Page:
Vertical Writing and Printing

Depending on the purpose of your application, you might find it necessary to support vertical text. Although text that is read horizontally from left to right is becoming more common in Far Eastern countries (text in Japanese technical and business journals, for example, is often printed horizontally), many books, magazines, and newspapers still print text vertically.

As the following illustration shows, displaying text vertically doesn't mean that you simply rotate an entire line of text by 90 degrees. Most characters remain upright, but others, such as those identified by arrows, change orientation.

Fortunately, with Win32 you don't need to write code to rotate characters. To display text vertically on Windows, enumerate the available fonts as usual and select a font whose typeface name begins with the at (@) character. Then create a LOGFONT structure, setting both the escapement and the orientation to 270 degrees. Calls to TextOut are the same as for horizontal text.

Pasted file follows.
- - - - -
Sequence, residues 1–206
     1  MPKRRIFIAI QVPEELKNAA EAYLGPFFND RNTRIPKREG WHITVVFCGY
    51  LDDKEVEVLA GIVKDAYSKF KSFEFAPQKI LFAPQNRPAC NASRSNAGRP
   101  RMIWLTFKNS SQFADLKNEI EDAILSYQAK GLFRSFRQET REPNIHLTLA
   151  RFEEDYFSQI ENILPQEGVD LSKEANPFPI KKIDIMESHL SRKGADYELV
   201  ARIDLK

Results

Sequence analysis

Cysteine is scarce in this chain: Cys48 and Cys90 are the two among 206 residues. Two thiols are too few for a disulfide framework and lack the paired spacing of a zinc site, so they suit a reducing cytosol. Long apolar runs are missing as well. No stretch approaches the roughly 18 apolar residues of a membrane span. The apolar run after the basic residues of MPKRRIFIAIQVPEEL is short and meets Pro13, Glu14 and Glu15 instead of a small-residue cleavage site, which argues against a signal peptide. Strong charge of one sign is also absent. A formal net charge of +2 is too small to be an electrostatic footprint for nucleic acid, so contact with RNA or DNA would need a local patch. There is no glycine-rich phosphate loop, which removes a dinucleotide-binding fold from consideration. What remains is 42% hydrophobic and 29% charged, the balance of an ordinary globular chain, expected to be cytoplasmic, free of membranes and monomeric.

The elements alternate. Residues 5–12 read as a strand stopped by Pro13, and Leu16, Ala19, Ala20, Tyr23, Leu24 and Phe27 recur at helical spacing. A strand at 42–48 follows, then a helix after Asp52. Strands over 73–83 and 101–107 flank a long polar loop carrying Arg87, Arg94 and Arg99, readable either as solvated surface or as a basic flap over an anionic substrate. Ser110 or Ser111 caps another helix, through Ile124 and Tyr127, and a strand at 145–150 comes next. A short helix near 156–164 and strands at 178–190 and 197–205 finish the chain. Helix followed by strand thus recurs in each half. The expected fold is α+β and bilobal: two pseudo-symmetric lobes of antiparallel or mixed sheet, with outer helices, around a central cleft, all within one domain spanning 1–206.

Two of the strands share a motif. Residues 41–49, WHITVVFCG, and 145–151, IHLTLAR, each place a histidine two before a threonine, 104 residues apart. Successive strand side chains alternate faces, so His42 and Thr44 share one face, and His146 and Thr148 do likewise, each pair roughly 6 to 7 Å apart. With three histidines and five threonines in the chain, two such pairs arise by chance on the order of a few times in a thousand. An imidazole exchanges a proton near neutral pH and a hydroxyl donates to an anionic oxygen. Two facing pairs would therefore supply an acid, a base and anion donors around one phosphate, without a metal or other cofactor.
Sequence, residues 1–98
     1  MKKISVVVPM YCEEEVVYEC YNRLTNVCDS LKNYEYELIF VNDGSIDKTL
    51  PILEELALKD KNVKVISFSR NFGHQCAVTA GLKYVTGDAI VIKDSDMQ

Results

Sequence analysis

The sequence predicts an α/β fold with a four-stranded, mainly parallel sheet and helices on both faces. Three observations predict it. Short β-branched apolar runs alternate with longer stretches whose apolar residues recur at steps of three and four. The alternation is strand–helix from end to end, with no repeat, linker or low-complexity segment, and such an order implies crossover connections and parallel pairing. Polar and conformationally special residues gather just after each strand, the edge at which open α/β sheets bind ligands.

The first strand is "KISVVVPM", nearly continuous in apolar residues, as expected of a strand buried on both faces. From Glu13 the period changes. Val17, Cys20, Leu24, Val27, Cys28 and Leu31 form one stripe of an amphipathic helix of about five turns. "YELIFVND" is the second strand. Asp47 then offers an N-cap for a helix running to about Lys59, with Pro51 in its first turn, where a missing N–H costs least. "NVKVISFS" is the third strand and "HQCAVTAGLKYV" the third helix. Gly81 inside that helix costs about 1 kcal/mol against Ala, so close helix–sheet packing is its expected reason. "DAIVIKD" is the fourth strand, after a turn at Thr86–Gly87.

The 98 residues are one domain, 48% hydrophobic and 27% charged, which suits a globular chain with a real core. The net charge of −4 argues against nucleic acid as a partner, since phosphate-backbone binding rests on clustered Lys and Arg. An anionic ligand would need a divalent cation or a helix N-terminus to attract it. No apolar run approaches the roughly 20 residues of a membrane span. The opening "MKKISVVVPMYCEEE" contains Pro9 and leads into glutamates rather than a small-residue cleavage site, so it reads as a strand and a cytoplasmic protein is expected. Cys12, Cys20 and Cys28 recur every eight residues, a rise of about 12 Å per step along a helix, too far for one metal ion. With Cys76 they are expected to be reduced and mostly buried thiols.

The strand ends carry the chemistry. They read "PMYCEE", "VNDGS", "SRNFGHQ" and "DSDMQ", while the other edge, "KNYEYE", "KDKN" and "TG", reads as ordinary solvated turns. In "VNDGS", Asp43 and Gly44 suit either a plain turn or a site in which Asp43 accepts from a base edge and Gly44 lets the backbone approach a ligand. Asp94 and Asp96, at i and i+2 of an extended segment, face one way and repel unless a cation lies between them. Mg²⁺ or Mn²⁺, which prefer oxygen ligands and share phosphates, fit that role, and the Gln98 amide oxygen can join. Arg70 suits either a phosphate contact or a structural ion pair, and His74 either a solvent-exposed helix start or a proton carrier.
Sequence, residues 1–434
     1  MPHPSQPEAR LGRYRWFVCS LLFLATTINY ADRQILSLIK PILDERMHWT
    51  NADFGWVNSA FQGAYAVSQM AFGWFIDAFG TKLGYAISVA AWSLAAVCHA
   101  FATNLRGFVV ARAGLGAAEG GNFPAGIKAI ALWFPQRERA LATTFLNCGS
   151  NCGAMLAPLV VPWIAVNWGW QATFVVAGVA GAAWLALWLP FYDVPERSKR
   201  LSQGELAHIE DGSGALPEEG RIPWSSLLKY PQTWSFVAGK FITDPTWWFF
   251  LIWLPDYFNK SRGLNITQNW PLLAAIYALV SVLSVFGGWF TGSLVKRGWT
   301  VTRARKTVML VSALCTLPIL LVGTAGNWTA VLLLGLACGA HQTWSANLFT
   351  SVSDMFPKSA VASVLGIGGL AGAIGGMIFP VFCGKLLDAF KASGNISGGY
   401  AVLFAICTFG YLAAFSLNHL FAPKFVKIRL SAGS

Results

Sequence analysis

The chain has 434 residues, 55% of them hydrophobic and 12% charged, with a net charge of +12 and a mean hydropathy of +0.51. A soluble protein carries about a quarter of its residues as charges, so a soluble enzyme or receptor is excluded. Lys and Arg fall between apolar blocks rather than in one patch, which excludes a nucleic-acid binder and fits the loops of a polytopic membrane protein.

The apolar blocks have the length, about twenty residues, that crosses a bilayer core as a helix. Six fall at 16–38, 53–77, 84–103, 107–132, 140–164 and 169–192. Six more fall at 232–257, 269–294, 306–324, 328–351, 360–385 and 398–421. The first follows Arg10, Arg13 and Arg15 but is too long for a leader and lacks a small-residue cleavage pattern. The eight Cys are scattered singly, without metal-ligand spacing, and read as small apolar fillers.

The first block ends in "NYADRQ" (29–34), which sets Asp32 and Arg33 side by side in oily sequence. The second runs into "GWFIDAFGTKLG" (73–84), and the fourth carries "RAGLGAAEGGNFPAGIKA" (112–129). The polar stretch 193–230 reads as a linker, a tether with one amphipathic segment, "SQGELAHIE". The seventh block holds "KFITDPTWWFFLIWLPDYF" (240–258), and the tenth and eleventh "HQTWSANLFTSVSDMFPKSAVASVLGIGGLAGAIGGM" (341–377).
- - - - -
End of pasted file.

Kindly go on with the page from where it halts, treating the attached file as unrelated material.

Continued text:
The Far East Win32 SDK contains a sample application called TATE (short for tategaki, meaning "vertical writing") which demonstrates how to create fonts and display vertical text. Figure 7-22 shows a sample file displayed in TATE using a horizontal font. Selecting a vertical font from the Font dialog box (see Figure 7-23 below) causes the text to be displayed vertically. (See Figure 7-24 below.)

Figure 7-22 A horizontal font displayed using the TATE (tategaki) application in the Far East Win32 SDK.

Figure 7-23 A vertical font selected in the Font dialog box.

The Far East Win32 SDK includes the code for TATE, which is minimal; TATE doesn't allow you to enter or edit text. In your own application, you will need to add editing code to handle, for example, the progression of Japanese vertical text from right to left.

Figure 7-24 After you select a vertical font in the Font dialog box, text is displayed vertically.

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